The winner of the election will face mounting challenges including deepening inequality and surging housing prices that have strained Asia’s fourth-largest economy.
A total of 14 candidates initially registered, but it has shaped up as a tight two-way race between Lee Jae-myung, the standard-bearer of the ruling Democratic Party, and Yoon Suk-yeol, from the conservative main opposition People Power Party.
They are vying to succeed incumbent President Moon Jae-in, who is constitutionally barred from seeking reelection. The winner’s single, five-year term is set to start on May 10.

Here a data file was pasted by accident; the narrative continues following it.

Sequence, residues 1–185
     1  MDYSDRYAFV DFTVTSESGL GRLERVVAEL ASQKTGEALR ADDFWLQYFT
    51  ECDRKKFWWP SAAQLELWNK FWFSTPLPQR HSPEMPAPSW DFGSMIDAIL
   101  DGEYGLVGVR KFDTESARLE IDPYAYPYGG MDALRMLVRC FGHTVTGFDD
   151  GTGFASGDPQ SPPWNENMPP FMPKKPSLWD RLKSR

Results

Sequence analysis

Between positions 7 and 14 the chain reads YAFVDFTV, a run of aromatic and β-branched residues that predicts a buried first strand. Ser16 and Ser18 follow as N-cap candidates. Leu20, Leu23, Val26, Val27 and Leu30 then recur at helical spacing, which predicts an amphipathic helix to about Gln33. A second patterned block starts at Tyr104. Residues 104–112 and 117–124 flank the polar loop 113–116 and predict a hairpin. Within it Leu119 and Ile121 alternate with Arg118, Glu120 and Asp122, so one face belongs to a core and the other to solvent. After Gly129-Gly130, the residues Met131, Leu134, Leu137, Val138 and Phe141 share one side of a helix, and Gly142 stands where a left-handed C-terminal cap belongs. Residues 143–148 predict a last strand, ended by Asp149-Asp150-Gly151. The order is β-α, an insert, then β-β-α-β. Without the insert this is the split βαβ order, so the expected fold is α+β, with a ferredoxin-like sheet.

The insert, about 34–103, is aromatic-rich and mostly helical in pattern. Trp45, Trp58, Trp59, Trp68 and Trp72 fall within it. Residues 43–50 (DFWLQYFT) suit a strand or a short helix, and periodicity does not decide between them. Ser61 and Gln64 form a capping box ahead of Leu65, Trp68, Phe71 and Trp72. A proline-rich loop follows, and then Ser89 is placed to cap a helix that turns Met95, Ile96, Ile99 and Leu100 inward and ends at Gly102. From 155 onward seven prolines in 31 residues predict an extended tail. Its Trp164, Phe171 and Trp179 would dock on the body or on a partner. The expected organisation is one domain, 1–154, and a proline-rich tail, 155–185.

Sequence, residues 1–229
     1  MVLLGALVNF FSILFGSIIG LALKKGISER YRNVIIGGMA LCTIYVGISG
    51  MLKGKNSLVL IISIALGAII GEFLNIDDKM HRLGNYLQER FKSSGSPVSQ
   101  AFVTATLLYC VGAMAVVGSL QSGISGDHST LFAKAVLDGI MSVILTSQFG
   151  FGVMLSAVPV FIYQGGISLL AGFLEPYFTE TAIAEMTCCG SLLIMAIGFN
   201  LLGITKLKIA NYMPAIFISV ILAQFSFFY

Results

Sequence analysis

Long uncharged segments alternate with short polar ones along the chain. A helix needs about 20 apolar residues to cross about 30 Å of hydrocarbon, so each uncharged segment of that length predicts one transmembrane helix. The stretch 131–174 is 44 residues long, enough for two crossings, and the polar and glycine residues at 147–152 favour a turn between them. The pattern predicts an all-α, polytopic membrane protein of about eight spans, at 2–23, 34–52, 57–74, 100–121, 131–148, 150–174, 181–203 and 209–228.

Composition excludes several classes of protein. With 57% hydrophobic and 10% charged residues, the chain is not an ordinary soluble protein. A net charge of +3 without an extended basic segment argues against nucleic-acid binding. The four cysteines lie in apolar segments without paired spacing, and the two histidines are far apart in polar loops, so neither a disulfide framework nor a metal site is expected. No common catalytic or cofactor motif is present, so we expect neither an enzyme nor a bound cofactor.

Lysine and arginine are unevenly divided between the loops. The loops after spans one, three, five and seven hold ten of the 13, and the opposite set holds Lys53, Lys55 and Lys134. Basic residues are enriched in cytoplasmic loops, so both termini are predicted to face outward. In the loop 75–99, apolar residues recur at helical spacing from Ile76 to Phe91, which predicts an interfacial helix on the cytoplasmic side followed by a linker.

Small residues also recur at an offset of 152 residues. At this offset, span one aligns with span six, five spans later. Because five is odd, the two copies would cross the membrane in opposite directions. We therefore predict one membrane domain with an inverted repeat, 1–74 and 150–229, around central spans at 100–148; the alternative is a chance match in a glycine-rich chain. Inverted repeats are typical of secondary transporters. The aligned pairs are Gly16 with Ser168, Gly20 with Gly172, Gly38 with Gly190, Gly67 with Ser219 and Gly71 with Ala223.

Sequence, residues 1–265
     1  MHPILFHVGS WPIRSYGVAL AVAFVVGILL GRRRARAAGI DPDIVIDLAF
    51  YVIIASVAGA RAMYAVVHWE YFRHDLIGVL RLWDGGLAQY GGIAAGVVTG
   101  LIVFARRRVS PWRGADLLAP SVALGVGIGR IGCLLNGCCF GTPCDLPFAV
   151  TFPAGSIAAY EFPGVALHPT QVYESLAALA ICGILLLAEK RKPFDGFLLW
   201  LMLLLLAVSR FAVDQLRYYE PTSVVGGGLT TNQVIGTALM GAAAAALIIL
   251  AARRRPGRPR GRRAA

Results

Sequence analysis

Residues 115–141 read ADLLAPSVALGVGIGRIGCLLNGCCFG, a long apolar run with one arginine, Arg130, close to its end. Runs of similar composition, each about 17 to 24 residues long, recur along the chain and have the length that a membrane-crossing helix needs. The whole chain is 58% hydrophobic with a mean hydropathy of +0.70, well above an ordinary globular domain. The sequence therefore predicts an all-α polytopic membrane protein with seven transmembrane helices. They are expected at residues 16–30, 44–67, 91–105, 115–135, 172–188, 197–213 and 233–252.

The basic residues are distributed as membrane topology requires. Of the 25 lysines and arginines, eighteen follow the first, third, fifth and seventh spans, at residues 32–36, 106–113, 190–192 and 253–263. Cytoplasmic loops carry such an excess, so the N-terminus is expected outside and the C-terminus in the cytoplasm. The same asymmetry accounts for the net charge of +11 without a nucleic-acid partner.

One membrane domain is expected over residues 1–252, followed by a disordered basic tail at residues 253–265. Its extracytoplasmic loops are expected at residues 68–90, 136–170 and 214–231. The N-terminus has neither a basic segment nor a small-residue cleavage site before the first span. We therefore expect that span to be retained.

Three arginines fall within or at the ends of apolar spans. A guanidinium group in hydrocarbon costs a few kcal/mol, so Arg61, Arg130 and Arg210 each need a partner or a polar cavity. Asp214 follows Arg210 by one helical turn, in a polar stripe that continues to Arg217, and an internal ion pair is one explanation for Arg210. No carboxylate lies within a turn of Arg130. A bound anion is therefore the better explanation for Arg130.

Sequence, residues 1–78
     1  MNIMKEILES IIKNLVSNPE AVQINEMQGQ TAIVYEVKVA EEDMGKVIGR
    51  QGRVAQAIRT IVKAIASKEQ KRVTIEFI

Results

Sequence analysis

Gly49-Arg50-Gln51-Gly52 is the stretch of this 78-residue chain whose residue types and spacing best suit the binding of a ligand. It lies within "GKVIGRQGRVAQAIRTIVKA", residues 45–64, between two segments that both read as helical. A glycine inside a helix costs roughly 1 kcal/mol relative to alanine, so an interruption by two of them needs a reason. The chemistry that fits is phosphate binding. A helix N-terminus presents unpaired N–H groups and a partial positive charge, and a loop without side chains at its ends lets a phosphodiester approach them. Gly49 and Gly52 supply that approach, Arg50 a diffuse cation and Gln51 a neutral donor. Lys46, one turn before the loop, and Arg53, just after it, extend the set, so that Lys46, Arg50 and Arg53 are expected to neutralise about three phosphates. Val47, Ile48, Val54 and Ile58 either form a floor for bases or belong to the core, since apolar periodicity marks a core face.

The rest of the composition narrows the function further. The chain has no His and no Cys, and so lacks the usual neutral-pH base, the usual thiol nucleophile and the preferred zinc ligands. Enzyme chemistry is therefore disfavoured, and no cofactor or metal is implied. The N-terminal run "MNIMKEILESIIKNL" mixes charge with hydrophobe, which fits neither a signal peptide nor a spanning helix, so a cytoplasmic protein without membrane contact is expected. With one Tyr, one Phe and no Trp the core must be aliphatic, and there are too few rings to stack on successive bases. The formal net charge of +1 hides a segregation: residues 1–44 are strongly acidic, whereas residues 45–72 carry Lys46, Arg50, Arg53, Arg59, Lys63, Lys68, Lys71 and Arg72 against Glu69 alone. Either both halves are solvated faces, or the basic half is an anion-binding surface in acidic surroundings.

Polls showed a slight edge for Yoon, who secured a surprise, last-minute boost last week when Ahn Cheol-soo of the People Party, a fellow conservative running a distant third, dropped out and threw his support behind Yoon.
A survey by Embrain Public estimated the merger could give Yoon 47.4% to Lee’s 41.5%, while an Ipsos poll tipped the margin with Ahn at a slightly wider 48.9% to 41.9% for Yoon.